'Tax dodge' contracts for hundreds of BBC Northern Ireland staff
Corporation in a corner: tax revelations add to woes as abuse scandal escalates
BBC Northern Ireland has been handing out hundreds of contracts that could help its workers pay less tax, it can be revealed.
In dozens of cases staff were paid via private companies, which can reduce their tax bills and save the broadcaster from making National Insurance contributions.
The practice has previously been described as a legal tax dodge.
Around 260 Belfast-based workers were paid off the books in the last year, some of whom earned over £50,000 during that period.
However, the figure could be much higher as the BBC have refused to say how many of its on-screen talent were on these contracts.
Earlier this month a report by Parliament’s Public Accounts Committee said the off-the-books arrangements created “suspicions of complicity in tax avoidance”.
DUP MP Gregory Campbell said he was concerned by the issue, and described the practice of paying staff through private companies as “staggeringly inappropriate”.
However, the BBC said it complied with HMRC requirements with all its contractual arrangements.
The figures were revealed after a Belfast Telegraph investigation into tax affairs at BBC NI.
The broadcaster employs around 650 people in Northern Ireland who are involved in production, technology and business and support.
During 2011/12 262 of staff employed on a freelance basis did not pay tax or national insurance at source, the broadcaster said.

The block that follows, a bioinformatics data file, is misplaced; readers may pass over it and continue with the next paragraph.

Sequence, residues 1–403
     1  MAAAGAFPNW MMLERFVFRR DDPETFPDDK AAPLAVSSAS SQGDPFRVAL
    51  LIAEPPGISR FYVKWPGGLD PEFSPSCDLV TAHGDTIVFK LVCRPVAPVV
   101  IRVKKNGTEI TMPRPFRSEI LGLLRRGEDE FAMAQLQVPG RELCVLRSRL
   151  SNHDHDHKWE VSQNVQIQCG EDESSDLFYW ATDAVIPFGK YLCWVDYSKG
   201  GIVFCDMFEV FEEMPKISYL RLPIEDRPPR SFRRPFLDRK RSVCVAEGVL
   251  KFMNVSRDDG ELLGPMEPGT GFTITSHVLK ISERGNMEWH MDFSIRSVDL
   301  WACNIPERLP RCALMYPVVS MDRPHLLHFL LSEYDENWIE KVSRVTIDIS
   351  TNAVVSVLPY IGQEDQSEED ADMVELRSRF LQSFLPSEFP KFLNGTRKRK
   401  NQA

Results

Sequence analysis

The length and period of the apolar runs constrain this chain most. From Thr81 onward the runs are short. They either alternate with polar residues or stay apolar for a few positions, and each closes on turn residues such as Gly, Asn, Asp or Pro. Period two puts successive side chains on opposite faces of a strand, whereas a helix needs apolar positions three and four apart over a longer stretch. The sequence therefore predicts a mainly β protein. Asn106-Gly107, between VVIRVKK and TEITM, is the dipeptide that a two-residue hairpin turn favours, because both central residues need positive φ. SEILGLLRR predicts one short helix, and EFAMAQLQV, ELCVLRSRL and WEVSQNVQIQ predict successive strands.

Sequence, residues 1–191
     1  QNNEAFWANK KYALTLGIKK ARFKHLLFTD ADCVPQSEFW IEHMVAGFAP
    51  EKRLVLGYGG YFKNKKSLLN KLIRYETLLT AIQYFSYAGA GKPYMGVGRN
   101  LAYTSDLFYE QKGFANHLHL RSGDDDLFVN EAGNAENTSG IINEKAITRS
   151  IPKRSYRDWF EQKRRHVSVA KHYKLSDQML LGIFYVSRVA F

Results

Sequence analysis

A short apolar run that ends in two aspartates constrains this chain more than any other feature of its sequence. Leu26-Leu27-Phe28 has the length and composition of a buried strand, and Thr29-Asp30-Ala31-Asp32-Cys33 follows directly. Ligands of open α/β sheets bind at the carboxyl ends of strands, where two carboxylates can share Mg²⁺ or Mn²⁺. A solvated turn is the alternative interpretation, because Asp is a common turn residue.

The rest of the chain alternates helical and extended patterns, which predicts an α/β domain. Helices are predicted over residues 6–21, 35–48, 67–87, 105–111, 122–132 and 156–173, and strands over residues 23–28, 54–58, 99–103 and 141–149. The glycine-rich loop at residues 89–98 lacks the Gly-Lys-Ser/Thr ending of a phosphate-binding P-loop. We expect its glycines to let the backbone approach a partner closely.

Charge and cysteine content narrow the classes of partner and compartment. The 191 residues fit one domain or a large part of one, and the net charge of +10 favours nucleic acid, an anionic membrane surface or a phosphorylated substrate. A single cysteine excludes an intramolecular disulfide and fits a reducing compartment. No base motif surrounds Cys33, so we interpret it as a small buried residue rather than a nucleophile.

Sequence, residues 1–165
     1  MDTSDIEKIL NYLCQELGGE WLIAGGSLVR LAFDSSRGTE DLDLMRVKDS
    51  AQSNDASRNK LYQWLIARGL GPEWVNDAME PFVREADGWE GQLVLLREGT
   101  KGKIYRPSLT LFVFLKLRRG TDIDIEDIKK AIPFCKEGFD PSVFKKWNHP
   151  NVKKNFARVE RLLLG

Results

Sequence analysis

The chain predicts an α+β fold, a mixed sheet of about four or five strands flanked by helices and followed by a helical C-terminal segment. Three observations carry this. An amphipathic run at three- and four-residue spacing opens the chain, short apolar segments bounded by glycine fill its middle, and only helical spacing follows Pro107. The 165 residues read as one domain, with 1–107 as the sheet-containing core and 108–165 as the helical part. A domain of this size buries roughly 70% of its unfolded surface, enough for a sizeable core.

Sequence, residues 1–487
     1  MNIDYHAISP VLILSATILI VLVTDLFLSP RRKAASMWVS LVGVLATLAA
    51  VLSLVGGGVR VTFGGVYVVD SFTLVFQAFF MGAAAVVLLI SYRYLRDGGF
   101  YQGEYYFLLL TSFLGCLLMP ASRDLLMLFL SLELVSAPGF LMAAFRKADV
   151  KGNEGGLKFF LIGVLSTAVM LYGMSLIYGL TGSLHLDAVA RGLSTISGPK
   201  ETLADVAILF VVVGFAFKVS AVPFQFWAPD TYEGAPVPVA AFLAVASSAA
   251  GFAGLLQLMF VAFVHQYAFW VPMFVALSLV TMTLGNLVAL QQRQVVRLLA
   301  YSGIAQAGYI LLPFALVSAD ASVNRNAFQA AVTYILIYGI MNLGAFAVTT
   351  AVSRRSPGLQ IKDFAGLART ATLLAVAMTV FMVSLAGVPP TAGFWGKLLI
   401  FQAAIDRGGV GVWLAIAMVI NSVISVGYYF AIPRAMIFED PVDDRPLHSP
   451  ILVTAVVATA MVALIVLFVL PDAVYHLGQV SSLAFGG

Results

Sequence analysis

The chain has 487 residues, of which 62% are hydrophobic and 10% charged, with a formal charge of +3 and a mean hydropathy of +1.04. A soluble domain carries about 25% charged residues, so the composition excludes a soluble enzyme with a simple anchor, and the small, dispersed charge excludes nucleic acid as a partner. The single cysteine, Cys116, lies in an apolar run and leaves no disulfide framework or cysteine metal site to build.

Three of these earned more than £50,000.
These included 51 engaged via personal service companies — an arrangement which allows workers to substantially limit tax liabilities. One earned over £50,000, the BBC confirmed.
The figures only relate to backroom staff.
It is known, however, that across the UK 1,500 top BBC television and radio stars are employed via service companies.
A third of the BBC’s 467 presenters are also known to be paid off the books.
Mr Campbell, who had been seeking answers on the number of Northern Ireland staff paid off-payroll and through service companies, said he was shocked by the figures.
“The BBC’s record on this issue is not one which enhances an already damaged reputation,” he told the Belfast Telegraph.
“Given that the BBC is reporting on stories, even in recent days, about companies such as Starbucks who have avoided huge tax bills there is a need to know whether the people asking questions of others are actually involved in a similar practice themselves.”
Earlier this month, a scathing report from Westminster’s Public Accounts Committee claimed the BBC could be “complicit” in tax avoidance by allowing workers to be paid as if they were companies rather than individual staff.
The BBC said all off-payroll contracts stipulate that staff are required to pay the appropriate amount of tax. However, the PAC said the corporation had no idea if they were paying their taxes properly.
A BBC spokesperson said: “The BBC pays all its full-time staff with tax deducted at source in the normal way and this includes all senior managers.
“We also work with freelancers, such as camera crews, make-up artists, actors, singers and presenters, many of whom work for a number of other employers.
“All our freelancers are paid in accordance with HMRC guidelines and we stipulate in our contracts that the appropriate amount of tax must be paid on any BBC earnings.
“None of our processes is designed to reduce the amount of tax paid by the BBC or by the freelancers themselves.
“In line with HMRC guidelines, certain freelancers are paid through service companies. It is the BBC’s preferred option for freelancers paid more than £10,000 a year and in many cases it will be the only option available to them if they work at the BBC.
“It is in no way designed to reduce the tax they pay. We submit an annual report on all our freelance payments to the HMRC, who have the ultimate responsibility to ensure freelancers are paying the correct amount of tax on all their earnings.